The months went by and I heard nothing from the magazine and, eventually, it dawned on me that the editor had not the slightest intention of publishing material that might, even slightly, be in conflict with the career interests of his pal. They don’t call it “publish or perish” for nothing you know! I was pleased that I had put my results, but not the methodology underpinning them, into the public domain believing that not even the most ambitious or unprincipled professional astronomer would claim credit for another person’s work.Fast forward to 2013. I have just discovered that most of my discoveries have now been published – which is the good news – but that they have been published under the name of the professional astronomer I shared them with 3+ years earlier without a single mention of me appearing anywhere in either the article or the standard catalogue in which discoveries of this type are recorded.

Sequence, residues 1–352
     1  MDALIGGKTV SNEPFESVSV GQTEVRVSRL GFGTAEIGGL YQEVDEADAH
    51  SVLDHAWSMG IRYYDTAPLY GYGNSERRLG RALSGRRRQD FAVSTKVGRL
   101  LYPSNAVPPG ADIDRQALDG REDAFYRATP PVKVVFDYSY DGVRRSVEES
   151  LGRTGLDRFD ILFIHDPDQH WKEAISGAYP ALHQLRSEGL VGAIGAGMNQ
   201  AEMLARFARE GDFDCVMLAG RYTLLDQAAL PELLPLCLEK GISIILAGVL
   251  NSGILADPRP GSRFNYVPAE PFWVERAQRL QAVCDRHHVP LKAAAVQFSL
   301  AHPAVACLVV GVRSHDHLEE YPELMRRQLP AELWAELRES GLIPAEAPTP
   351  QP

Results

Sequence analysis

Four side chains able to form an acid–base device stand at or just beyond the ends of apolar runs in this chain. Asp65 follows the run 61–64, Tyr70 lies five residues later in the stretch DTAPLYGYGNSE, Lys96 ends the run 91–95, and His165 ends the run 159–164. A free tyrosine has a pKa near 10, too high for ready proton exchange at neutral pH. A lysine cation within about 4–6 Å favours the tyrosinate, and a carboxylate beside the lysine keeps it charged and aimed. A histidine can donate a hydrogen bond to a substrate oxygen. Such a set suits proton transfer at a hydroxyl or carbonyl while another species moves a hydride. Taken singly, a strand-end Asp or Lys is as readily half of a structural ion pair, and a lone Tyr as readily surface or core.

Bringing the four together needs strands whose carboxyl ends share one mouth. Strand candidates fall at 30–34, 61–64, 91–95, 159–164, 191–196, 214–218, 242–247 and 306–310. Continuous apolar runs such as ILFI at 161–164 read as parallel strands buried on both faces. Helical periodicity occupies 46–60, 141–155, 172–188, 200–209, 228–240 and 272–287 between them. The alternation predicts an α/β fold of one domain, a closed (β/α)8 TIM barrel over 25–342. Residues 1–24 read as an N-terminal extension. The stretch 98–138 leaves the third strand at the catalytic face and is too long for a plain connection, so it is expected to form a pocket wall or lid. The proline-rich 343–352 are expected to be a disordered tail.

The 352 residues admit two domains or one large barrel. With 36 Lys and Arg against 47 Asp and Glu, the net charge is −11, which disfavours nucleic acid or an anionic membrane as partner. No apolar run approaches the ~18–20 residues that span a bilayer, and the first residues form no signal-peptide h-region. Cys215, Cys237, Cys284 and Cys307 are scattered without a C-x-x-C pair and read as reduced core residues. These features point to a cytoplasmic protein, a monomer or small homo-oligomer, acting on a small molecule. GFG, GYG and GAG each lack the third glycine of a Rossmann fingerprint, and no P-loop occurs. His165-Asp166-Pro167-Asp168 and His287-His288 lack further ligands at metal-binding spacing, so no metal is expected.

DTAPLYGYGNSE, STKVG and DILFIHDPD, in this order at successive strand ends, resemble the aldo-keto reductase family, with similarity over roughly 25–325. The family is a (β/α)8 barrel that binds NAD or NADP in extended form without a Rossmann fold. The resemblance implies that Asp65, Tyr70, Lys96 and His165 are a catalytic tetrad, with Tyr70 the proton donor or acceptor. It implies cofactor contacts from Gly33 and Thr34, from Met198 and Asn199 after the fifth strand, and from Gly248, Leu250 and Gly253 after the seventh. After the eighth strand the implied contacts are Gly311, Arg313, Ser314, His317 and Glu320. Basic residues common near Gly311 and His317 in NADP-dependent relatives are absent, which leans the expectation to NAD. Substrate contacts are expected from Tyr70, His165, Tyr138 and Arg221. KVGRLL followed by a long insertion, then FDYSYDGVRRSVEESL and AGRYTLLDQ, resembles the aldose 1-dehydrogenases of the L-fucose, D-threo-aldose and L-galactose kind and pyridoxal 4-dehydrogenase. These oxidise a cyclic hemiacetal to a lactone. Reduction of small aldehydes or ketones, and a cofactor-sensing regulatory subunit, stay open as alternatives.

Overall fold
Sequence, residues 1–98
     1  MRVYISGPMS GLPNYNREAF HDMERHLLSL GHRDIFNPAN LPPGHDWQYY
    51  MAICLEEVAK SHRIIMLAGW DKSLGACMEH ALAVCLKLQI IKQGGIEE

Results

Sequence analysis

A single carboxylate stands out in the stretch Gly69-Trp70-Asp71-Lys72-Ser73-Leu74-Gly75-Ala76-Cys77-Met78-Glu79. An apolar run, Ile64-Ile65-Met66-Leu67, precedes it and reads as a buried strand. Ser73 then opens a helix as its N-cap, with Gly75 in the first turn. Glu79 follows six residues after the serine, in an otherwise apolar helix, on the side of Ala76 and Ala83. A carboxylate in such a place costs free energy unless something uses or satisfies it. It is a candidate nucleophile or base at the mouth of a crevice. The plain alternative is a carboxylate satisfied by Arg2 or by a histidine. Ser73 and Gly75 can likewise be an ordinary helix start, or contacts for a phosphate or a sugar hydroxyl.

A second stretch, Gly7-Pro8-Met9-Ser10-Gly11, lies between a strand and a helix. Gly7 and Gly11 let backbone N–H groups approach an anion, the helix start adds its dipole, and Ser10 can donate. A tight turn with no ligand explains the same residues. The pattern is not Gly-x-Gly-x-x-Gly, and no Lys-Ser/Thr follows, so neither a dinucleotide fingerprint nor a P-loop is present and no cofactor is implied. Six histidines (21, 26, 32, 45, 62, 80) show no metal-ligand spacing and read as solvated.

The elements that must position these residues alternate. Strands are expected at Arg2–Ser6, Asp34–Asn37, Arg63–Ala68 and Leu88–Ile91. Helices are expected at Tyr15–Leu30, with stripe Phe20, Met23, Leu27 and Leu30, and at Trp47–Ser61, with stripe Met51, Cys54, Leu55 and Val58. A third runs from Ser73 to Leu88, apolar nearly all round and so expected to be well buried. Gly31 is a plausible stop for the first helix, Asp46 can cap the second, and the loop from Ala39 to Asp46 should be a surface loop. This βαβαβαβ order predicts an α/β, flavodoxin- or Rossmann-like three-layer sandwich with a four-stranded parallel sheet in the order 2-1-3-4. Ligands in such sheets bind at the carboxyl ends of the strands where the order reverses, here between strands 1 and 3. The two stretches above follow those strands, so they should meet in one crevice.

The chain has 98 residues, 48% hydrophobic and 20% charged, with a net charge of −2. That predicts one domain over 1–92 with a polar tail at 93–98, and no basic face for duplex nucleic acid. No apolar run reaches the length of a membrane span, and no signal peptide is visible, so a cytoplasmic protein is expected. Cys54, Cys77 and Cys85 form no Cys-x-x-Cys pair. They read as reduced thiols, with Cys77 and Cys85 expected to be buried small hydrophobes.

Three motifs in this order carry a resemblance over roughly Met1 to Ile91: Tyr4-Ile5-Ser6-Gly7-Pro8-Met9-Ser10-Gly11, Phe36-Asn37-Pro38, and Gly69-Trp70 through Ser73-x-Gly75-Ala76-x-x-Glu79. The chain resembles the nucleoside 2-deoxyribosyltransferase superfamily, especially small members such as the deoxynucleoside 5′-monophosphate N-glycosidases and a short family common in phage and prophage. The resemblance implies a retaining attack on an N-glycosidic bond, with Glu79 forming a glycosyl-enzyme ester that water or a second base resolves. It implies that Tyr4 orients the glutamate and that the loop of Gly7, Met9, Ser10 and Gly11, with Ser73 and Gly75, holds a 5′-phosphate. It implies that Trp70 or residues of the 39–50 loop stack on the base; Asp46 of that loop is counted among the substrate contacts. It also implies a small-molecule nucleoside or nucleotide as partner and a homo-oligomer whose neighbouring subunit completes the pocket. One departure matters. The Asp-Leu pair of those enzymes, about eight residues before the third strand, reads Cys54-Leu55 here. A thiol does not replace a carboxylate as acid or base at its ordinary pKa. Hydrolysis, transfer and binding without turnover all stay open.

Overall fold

This isn’t the first time this has happened. Curiously, or perhaps not curiously, if you are a cynic, a very similar situation occurred a few years ago. A professional astronomer based in the USA was given credit for amateur discoveries that had already appeared in a peer reviewed journal a year before the professional astronomer’s claims were published. Even more curiously, or not, both problems had at least one paid employee in common!